Healthier than kale, grown in Hampshire and Dorset in watery gravel beds, it really is a unique crop and its British season runs from May to October.
Penny Ede first started working on a watercress farm at the age of seven when she’d join her dad after school and in the holidays to help hand bunch the watercress ready for market. She ultimately chose it as a way of life at the ripe old age of 18, following in both her father’s and grandfather’s footsteps. Not satisfied with that, Penny married a watercress man, Sean having met in a local pub, unaware at that point that they shared a passion for the same industry. They now run The Watercress Company.
Sean, unlike his wife, was not necessarily destined for a life in watercress but rather fell into it on the advice of a local careers officer at the age of 16. Both the Edes have now worked in the watercress industry for 28 years and have been happily married for 23 of them. Today Sean is a production manager for the Watercress Company, looking after their five Hampshire based farms, and Penny is his assistant manager. She says: “I enjoy every single day and I still get a buzz after all these years. This is a way of life, it eats into you and absorbs you. You can’t leave.”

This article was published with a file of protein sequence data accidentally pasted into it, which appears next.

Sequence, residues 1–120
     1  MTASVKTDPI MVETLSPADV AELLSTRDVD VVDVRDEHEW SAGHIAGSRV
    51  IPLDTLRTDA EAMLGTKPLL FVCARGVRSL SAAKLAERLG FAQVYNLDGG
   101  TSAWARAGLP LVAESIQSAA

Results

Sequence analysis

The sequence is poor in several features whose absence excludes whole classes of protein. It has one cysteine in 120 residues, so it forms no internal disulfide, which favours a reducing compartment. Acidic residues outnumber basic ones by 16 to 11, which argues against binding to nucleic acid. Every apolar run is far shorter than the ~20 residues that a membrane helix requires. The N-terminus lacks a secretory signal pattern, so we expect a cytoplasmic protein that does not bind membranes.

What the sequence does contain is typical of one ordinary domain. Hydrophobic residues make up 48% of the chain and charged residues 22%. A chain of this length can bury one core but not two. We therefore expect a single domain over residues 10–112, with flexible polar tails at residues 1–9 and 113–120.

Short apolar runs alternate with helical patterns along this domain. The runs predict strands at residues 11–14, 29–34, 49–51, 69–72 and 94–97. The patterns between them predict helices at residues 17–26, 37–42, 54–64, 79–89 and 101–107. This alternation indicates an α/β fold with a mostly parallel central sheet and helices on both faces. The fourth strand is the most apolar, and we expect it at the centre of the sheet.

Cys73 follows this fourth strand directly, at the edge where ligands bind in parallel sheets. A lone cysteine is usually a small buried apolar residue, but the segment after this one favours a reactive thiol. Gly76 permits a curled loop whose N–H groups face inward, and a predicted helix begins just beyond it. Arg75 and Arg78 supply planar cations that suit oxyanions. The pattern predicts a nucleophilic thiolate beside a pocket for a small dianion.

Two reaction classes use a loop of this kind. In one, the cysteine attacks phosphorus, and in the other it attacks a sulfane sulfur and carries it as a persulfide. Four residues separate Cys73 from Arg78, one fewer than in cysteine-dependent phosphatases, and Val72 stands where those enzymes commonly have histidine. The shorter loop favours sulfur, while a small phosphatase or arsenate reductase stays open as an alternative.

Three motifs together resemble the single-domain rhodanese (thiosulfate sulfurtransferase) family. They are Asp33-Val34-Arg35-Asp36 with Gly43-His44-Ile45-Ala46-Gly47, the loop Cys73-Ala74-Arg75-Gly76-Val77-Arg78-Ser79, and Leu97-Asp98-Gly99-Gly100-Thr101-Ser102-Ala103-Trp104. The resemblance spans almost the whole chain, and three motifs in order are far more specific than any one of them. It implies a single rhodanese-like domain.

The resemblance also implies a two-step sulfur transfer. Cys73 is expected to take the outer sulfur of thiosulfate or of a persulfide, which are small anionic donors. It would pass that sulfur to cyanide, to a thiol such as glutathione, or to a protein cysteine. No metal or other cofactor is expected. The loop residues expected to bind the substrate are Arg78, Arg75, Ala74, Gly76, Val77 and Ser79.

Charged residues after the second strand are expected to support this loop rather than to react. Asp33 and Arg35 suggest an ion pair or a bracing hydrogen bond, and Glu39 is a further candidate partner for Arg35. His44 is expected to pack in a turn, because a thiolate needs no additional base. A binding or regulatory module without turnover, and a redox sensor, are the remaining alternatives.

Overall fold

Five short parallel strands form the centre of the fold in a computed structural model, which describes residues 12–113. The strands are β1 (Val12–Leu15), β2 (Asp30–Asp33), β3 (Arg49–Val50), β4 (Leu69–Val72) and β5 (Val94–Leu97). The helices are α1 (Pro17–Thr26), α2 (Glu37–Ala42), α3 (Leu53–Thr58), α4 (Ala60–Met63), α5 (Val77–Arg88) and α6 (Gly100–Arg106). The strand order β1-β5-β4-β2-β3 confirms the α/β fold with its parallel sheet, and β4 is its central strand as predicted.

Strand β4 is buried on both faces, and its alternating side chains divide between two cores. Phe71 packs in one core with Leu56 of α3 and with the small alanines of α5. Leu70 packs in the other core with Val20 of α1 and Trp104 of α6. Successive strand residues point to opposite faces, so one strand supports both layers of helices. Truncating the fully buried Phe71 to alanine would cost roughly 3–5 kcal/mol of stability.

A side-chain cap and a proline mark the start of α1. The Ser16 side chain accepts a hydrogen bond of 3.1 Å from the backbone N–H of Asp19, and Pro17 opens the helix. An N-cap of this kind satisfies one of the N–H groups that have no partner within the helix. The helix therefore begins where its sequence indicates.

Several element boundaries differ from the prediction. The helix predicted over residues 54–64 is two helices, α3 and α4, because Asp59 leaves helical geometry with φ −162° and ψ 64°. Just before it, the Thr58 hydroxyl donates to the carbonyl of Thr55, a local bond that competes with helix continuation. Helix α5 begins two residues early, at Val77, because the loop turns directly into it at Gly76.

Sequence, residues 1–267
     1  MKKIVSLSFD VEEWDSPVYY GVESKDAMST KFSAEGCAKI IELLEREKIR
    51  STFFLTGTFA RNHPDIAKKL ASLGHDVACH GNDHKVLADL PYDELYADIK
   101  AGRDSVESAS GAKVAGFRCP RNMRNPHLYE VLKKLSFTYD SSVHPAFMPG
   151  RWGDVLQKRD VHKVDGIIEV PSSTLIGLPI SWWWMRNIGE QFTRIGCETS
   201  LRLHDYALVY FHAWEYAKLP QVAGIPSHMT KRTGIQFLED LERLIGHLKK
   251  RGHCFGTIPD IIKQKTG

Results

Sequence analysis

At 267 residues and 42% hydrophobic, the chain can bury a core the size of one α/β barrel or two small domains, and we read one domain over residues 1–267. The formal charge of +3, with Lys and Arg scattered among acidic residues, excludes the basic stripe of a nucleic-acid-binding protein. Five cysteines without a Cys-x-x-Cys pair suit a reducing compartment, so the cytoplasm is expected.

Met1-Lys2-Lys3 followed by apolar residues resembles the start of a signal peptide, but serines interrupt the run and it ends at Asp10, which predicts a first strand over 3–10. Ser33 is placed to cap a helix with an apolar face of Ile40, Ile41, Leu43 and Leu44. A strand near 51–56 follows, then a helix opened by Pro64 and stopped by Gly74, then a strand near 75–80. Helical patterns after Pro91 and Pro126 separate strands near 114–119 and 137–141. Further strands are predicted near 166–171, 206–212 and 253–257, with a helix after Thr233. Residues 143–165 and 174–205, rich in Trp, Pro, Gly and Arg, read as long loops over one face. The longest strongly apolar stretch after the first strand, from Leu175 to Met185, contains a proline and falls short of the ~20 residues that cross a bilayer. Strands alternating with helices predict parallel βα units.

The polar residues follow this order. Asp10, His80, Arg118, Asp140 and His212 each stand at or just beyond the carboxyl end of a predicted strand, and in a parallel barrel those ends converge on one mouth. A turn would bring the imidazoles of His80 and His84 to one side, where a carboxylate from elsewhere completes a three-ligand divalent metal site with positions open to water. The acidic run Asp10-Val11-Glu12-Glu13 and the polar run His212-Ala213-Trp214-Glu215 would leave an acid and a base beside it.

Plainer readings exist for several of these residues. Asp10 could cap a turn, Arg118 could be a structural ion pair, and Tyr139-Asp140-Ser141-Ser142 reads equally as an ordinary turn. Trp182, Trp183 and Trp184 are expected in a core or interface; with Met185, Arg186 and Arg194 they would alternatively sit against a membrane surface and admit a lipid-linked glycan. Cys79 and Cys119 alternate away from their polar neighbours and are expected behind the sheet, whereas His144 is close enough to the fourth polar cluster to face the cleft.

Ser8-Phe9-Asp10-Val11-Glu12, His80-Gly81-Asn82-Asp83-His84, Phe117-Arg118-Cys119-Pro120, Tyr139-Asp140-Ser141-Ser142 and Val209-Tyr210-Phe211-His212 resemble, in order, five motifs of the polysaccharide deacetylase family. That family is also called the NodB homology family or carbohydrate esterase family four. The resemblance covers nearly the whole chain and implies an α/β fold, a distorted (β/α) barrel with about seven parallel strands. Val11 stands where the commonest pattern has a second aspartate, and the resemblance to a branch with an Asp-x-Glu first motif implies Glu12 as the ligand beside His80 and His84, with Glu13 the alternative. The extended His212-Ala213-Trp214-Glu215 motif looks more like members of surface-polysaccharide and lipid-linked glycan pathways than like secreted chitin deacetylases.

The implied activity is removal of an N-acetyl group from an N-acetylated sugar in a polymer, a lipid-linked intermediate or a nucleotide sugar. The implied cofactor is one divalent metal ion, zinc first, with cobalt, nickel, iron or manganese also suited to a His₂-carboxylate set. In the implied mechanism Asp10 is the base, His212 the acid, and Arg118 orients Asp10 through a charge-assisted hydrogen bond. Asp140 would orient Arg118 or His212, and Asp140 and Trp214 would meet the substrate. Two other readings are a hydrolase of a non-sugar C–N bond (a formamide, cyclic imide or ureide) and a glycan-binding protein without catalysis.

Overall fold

Some couples might find it a strain on their relationship to be in the position of boss and assistant but by all accounts it has actually enhanced their marriage – working on the same farms and in the same industry means the Edes really understand the stresses that the other is under. Where possible though they do try to leave work at the farm, and as Sean puts it, “I might be the boss at work, but she’s definitely the boss at home!”
Nutritional value of watercress per 100g: Calories = 11, there’s virtually no fat of any kind, no cholesterol, sodium, fibre, carbs or sugar, a bit of protein but does have a big dose of Vitamins A (63%*), C (71%) and a little bit of Vitamin D and B-12 (5% each). *Percentages show total of your recommended daily amount.
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